Amber from New Jersey
All the amber shown here was found in New Jersey, Cretaceous.
Click the photo to enlarge.
Raw amber from Sayreville, approximately 90 million years old. The largest piece is 2" x 1".

Come back to view the amber and possibly the inclusions after I polish my specimens.

Amber is polymerized tree resin that has hardened and has been preserved in the correct environmental conditions. Often regarded as a gem, amber is actually an organic substance known to mineralogists as succinite, from the Latin succinum which means amber. Amber is not a fossil since it's structure has changed very little over time, unlike that of other fossilized material, in which organic matter is replaced with minerals. Even the inclusions in the amber are not fossils since they are made of the same organic material.

Amber has preserved ancient life to such infinitesimal detail that it even captures fragments of DNA of the organisms entrapped in it. Such a wide variety of creatures has been found in Dominican amber, for example, that scientists are able to reconstruct this ancient ecosystem with amazing intricacy.

Because amber oxidizes and degrades when exposed to oxygen, it is preserved only under special conditions. Thus it is almost always found in dense, wet sediments, such as clay and sand that formed at the bottom of an ancient lagoon or a river delta. While hundreds of amber deposits occur around the world, most of them contain only trace amounts of the substance; only about twenty deposits in the world contain amounts of amber large enough to be mined.

For more than 11,000 years, people have collected, traded, carved, and examined amber; yet much about the substance remains a mystery. For example, no one is certain how amber manages to preserve the organisms entrapped in it (called "inclusions") so exquisitely. It is thought that terpenes, compounds that become linked as the resin hardens, help to preserve the inclusions by dehydrating the organisms and killing any bacteria that might cause decay. Moreover, the organisms' tissues do not shrink as they normally would during the dehydration process; as a result their cellular structure remains intact, making amber inclusions perfect for DNA study.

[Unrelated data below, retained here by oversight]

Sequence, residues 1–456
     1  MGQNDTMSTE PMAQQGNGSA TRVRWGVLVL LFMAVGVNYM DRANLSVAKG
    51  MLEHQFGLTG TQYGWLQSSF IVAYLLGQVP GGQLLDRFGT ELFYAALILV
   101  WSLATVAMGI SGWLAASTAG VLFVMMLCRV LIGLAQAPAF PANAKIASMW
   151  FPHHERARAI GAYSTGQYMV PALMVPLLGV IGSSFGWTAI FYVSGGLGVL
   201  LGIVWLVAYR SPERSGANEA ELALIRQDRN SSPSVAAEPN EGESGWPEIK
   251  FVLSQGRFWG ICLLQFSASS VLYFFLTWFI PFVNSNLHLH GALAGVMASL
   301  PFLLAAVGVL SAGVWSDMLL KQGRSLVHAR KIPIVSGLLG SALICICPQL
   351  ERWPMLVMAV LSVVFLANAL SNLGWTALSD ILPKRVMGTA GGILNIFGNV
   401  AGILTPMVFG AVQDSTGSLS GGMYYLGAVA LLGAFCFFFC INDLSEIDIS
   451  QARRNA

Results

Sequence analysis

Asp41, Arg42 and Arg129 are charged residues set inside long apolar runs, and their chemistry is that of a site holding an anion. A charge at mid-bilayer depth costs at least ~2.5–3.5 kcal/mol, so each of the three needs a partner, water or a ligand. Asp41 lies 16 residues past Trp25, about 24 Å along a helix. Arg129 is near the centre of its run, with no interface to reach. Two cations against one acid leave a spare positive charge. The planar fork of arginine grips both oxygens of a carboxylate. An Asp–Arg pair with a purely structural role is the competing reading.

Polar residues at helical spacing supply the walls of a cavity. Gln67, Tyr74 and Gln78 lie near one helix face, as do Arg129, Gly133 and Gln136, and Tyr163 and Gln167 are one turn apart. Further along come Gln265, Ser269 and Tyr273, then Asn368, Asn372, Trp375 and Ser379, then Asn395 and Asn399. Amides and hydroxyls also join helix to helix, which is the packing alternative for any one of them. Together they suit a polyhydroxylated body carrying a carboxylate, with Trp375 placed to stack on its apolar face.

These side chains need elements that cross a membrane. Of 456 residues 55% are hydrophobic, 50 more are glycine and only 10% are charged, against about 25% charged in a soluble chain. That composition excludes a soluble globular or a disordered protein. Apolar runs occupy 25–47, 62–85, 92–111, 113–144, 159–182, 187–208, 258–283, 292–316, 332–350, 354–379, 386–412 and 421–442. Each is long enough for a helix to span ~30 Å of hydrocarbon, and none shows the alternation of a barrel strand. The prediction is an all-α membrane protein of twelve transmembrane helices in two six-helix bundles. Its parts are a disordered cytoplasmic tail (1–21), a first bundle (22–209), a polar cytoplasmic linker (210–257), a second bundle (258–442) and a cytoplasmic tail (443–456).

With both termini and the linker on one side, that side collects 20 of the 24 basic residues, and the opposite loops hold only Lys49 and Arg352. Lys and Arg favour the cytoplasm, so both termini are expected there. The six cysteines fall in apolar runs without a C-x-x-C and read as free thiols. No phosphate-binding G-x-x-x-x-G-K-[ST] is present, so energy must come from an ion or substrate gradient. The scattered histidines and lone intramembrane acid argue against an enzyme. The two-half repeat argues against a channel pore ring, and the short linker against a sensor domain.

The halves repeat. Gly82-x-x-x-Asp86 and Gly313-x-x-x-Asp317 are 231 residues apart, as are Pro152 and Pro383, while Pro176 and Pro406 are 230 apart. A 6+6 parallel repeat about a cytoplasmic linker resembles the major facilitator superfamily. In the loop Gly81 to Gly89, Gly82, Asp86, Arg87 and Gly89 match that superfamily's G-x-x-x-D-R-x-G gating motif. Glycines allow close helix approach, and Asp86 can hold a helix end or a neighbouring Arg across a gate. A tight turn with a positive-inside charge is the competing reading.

Amber from the Cretaceous period, 65 to 140 million years ago, when the later dinosaurs flourished, offers some of the earliest glimpses of many life forms. During this period, flowering plants (now the dominant life form on earth) evolved along with bees, moths, and other symbiotic insects. Cretaceous amber, from extinct conifer trees, is brittle and fractures easily.

Specimens of amber from the Cretaceous period can be found all over the world, with the largest deposit in Northern Russia. The Middle East (Lebanon) has the oldest Cretaceous amber containing insects and other larger organisms. In Kuji, Japan, there are pieces of amber that are 85 million years old. The United States has several Cretaceous deposits, although only in New Jersey is amber found in appreciable quantities. Deposits there range in age from approximately 65 to 95 million years old.

The world's largest amber deposits come from the shores of the Baltic Sea, where amber has been harvested, traded, and crafted into decorative objects for at least 13,000 years. The 400-square-mile Samland Peninsula alone has produced ninety percent of all the amber in Europe. Until the mid-nineteenth century, pieces of Baltic amber were collected primarily from beaches. Since the 1850s, when engineers began dredging and mining operations, millions of pounds of Baltic amber have been mined.

23-30 million-year-old amber from the Dominican Republic is prized for the diversity of inclusions it contains. Dominican amber is mined chiefly to the north and east of Santiago, where landslides reveal veins of lignite -- or blackened, fossilized wood -- which accompany amber deposits. Using shovels and machetes, the amber miners may burrow deep into mountains, sometimes forming tunnels 100 to 200 feet long. Slightly softer than Baltic amber, amber from the Dominican Republic was produced by a Hymenaea tree, a now-extinct tree of the legume family. Dominican amber occurs in several colors, including yellow and deep red, as well as the rarer blue and smoky green.

Among the dozens of major amber deposits scattered throughout the world, most are from the Tertiary period, which dates from 1.6 to 65 million years ago. The deposits vary in age, botanical origin, color, and composition, and occur on every continent except Antarctica. The largest piece of transparent amber in the world, which weighs 33.5 pounds, comes from northern Myanmar, and is 40 to 50 million years old. Sicilian amber -- deposits of which are much smaller -- is approximately 20 million years old. The largest North American deposit of Tertiary amber is in Arkansas.

Click here to see dinosaur footprints and tracks from New Jersey

Click here to see shark teeth from New Jersey

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